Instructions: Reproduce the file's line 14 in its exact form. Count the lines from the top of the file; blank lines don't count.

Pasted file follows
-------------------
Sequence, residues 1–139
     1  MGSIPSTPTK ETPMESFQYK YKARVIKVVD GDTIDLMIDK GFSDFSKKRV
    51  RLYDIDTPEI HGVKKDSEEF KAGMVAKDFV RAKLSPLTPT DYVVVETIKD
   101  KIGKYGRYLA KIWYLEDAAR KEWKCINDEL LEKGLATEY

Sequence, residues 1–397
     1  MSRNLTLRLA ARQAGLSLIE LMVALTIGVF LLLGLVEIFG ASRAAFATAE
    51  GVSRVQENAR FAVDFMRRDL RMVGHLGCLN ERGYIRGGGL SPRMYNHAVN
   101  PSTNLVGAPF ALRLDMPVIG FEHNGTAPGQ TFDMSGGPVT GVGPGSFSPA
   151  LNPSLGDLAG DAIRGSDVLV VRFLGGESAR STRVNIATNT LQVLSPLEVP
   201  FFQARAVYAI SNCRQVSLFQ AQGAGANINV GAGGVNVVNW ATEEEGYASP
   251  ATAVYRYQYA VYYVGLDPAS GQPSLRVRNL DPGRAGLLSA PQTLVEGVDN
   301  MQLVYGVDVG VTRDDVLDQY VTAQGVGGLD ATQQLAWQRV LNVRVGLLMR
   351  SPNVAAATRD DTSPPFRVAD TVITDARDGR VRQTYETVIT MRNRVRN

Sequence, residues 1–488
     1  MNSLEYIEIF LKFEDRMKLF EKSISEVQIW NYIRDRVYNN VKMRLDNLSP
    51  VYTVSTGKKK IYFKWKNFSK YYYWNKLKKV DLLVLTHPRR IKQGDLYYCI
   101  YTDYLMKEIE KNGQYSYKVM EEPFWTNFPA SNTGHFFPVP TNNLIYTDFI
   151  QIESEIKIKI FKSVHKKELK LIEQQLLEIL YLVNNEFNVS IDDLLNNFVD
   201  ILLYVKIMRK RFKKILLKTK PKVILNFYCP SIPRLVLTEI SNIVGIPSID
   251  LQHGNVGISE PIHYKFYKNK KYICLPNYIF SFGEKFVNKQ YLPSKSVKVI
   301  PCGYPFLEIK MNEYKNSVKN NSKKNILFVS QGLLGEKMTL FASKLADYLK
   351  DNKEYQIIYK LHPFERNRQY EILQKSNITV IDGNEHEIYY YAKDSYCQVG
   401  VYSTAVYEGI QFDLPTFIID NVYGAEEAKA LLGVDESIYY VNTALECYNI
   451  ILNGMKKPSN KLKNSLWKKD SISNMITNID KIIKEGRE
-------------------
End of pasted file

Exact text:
Sequence, residues 1–488